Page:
I want to create a branch from an existing remote branch (let's say remote-A) and then commit the changes to the repository.

I have used the below commands to create a local branch from the existing remote-A

$git checkout remote-A

git branch
* remote-A

Now I have created local-B from Remote A using the below commands

git branch local-B
git checkout local-B

How do I make sure the changes I have on local-B are on top of remote-A so that when I push local-B to the remote repo, the changes are on top of remote-A?


Old post, still I'd like to add what I do.

1. git remote add <remote_name> <repo_url>
2. git fetch <remote_name>
3. git checkout -b <new_branch_name> <remote_name>/<remote_branch_name>

This series of commands will

  1. create a new remote,
  2. fetch it into your local so your local git knows about its branches and all,
  3. create a new branch from the remote branch and checkout to that.

Now if you want to publish this new local branch to your remote and set the upstream url also

git push origin +<new_branch_name>

Also, if only taking in remote changes was your requirement and remote already exists in your local, you could have done, instead of step 2 and 3,

git pull --rebase <remote_name> <remote_branch_name>

and then opted for git mergetool (needs configurations separately) in case of any conflicts, and follow console instructions from git.

  • I think the commands I added will help you. Or did I misunderstand anything from your statement? I normally fetch the remote, create a branch out of it, work on it, push changes to my origin remote, raise PR to main repo and once it gets merged, I delete the feature branch. This helps me segregate many tasks and keep the tree clean.
    – xploreraj
    Apr 19 '18 at 10:48
  • 1
    git checkout -b <new_branch_name> <remote_name>/<remote_branch_name> was the command I was trying to find. Nothing more. I removed the original statement, since it seems to have been confusing. Apr 19 '18 at 12:41
  • 4
    You can use -t to create the local branch with same name to save a bit of typing - git checkout -t <remote_server>/<remote_branch>
    – HankCa
    Jan 15 '20 at 0:13
  • 2
    On step 3 use --no-track if you don't want your new branch to track the remote one.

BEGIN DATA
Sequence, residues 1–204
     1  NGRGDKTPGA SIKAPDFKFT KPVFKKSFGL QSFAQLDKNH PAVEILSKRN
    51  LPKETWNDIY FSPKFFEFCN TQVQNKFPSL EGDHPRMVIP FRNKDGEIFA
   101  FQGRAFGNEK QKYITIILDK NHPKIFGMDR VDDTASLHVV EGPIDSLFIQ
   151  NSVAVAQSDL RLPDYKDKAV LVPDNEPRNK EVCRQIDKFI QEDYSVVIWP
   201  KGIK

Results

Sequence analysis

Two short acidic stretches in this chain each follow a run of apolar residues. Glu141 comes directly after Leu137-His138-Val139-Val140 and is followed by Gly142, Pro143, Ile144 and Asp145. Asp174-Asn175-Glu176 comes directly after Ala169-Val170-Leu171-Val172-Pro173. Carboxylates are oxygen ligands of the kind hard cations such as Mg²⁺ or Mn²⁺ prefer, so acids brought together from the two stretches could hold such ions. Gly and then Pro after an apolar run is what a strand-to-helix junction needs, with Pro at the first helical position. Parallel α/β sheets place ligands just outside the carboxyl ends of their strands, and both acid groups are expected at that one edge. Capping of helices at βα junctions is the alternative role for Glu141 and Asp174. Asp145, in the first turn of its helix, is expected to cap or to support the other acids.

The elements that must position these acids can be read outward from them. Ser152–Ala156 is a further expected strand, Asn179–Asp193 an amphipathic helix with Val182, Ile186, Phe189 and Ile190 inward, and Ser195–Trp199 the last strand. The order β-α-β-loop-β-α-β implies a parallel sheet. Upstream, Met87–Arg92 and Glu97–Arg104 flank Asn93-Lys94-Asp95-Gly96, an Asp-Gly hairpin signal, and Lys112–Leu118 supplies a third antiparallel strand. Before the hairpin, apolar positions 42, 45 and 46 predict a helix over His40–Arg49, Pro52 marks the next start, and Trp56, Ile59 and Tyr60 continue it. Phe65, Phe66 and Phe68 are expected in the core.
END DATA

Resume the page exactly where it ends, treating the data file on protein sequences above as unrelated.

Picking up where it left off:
– electrovir
    Feb 7 '20 at 22:48
  • 1
    @xploreraj Your answer is what I was looking for, thanks alot. Jun 10 '21 at 12:57

This should work:

git checkout --track origin/<REMOTE_BRANCH_NAE>

  • 7
    If you want to give a specific name to the new branch: git checkout -b master-copy --track origin/master, replace master-copy with whatever you wish. Jun 4 '20 at 9:34
  • Or git checkout -t origin/<REMOTE_BRANCH_NAME>
    – Deqing
    Dec 4 '21 at 8:14
  • this short one line of command is really work... ! and yet easy to understand. Dec 22 '21 at 3:45

you want to create branch on base of remote-A, make changes on it and then push them on remote-A?

git checkout -b remote-A
git pull origin remote-A
git checkout -b remote-B

make changes on remote-B

 git commit -a -m 'describe changes on remote-B branch'

 git checkout remote-A  
 git merge remote-B  
 git push origin remote-A
  • 10
    Nowadays, git checkout feature/A will set up a new branch tracking remote origin/feature/A, unless feature/A already exists. You can also do this explicitly with git checkout -b feature/A --track origin/feature/A.
    – jpaugh
    Oct 13 '20 at 14:54

I wanted to create a new local tracking branch from a remote git branch with a different name.

So I used this command:

git checkout -b <new_branch_name> --track <remote_name>/<remote_branch_name>


git checkout -b local-A --track origin/remote-A

I saw it in multiple comments to the above answers, but it's good to have it in the first sight.

Tracking branches are local branches that have a direct relationship to a remote branch. If you're on a tracking branch and type git pull, Git automatically knows which server to fetch from and which branch to merge in.

  • It is efficient to do both checkout and track in a single command - this worked for me too. Dec 14 '21 at 7:58

First we need to fetch the remote branch using

git fetch origin <remote-branch>

Then just create a new local branch to track the remote branch

git checkout -b <local-branch> origin/<remote-branch>

Replace origin with your remote name.


To make sure your changes are on top, you must not pull from remote. you must fetch and rebase. il will be something like this:

fetch->stash->rebase->stash pop->commit->push

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